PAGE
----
Ninth Circuit allows courts to examine “Don’t Ask, Don’t Tell” discharges from the military more closely
The Associated Press reports:
The military cannot automatically discharge people because they’re gay, a federal appeals court ruled Wednesday in the case of a decorated flight nurse who sued the Air Force over her dismissal.
The three judges from the 9th U.S. Circuit Court of Appeals did not strike down the military’s “dont ask, dont tell” policy. But they reinstated Maj. Margaret Witts’ lawsuit, saying the Air Force must prove that her dismissal furthered the military’s goals of troop readiness and unit cohesion.
The “don’t ask, don’t tell, don’t pursue, dont harass” policy prohibits the military from asking about the sexual orientation of service members but requires discharge of those who acknowledge being gay or engaging in homosexual activity.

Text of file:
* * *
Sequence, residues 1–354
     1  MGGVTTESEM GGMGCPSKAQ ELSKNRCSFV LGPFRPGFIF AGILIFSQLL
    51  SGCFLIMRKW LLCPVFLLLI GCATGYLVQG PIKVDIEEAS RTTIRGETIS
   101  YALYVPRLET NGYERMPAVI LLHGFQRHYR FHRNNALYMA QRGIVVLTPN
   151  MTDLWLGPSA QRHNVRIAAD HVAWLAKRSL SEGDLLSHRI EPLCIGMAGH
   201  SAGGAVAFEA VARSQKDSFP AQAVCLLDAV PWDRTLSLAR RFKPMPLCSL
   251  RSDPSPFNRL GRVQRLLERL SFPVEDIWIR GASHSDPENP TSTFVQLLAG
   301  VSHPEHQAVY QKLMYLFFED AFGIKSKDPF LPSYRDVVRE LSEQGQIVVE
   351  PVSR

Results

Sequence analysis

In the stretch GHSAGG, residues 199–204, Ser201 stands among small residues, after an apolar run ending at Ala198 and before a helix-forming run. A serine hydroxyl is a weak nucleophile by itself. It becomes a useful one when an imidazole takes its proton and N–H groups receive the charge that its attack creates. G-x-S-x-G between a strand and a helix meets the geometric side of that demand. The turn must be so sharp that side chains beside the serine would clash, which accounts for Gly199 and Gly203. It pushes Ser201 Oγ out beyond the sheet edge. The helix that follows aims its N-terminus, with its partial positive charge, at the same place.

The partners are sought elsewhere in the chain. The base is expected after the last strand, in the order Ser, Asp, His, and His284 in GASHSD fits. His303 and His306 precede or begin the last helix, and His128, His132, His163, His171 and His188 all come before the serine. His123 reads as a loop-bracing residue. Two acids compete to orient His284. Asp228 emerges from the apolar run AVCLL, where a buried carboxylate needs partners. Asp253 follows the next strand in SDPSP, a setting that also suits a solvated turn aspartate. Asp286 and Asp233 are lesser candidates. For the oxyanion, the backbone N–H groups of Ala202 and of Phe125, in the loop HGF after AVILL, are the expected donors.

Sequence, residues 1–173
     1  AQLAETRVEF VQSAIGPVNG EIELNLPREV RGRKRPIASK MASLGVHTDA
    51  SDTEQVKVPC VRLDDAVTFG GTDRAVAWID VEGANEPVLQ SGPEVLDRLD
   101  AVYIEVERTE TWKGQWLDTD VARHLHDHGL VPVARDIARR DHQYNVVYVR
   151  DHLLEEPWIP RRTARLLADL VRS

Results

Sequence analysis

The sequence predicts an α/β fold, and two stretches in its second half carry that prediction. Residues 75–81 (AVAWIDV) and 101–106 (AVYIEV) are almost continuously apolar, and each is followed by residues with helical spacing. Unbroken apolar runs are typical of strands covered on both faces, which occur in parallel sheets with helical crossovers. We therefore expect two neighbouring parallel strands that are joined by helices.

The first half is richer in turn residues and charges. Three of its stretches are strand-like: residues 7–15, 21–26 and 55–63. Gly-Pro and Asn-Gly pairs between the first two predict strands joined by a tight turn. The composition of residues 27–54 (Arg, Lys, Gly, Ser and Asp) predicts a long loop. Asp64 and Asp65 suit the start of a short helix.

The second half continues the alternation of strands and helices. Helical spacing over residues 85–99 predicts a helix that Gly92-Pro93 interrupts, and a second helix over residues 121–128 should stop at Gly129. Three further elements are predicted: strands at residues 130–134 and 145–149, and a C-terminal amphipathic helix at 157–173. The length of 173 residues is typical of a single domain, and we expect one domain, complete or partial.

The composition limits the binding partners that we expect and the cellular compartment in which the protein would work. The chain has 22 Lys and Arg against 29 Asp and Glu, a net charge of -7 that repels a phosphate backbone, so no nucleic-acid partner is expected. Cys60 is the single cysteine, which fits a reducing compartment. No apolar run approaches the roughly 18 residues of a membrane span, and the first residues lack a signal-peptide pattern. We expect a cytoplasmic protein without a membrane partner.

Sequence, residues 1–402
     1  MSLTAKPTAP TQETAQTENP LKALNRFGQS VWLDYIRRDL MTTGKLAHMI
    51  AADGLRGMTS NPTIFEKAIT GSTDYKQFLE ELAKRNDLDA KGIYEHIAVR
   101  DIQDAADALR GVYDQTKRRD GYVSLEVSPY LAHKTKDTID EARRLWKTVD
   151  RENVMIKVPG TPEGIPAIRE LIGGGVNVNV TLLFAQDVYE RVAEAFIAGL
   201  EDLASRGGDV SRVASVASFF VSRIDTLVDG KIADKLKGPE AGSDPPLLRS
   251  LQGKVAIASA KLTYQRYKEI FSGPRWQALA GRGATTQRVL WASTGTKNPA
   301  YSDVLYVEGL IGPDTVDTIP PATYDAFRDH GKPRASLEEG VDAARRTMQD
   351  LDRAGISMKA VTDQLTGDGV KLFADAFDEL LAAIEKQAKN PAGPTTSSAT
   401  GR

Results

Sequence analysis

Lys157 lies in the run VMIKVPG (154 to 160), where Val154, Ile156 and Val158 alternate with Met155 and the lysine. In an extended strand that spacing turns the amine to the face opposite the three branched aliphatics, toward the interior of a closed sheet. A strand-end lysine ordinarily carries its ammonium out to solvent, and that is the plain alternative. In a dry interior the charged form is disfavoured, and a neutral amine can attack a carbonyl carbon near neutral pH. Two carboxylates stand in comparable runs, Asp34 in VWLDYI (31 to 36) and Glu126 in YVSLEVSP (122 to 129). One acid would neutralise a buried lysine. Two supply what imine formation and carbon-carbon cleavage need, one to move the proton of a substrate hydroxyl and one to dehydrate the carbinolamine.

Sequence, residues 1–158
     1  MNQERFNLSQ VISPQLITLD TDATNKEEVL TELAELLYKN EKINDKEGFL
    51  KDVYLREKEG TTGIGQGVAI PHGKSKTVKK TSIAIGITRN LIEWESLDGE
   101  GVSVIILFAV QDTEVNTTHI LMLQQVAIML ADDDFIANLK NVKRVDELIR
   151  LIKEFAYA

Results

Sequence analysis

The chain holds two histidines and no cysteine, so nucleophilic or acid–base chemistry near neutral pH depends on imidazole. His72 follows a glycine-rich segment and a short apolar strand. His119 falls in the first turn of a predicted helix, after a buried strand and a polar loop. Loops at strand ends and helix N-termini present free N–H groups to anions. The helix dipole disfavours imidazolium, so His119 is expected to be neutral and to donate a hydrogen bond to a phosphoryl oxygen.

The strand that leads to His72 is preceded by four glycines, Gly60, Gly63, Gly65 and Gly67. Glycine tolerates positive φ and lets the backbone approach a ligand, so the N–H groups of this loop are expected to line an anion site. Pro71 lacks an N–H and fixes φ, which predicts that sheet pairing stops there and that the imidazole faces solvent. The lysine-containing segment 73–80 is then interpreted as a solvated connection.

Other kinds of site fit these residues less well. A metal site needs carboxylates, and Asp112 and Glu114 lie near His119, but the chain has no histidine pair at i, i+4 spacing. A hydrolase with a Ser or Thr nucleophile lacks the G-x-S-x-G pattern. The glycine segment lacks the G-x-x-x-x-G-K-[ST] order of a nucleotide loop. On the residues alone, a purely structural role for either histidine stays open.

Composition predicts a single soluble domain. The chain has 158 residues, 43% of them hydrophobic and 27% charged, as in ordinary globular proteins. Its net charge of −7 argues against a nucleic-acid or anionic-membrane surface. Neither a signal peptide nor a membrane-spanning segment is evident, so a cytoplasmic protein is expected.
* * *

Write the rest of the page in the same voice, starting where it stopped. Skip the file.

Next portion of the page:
Wednesdays ruling led opponents of the policy to declare its days numbered. It is also the first appeals court ruling in the country that evaluated the policy through the lens of a 2003 Supreme Court decision that struck down a Texas ban on sodomy as an unconstitutional intrusion on privacy.
When gay service members have sued over their dismissals, courts historically have accepted the militarys argument that having gays in the service is generally bad for morale and can lead to sexual tension.
But the Supreme Courts opinion in the Texas case changed the legal landscape, the judges said, and requires more scrutiny over whether “dont ask, dont tell” is constitutional as applied in individual cases.
Under Wednesdays ruling, military officials “need to prove that having this particular gay person in the unit really hurts morale, and the only way to improve morale is to discharge this person,” said Aaron Caplan, a staff attorney with the American Civil Liberties Union of Washington state who worked on the case.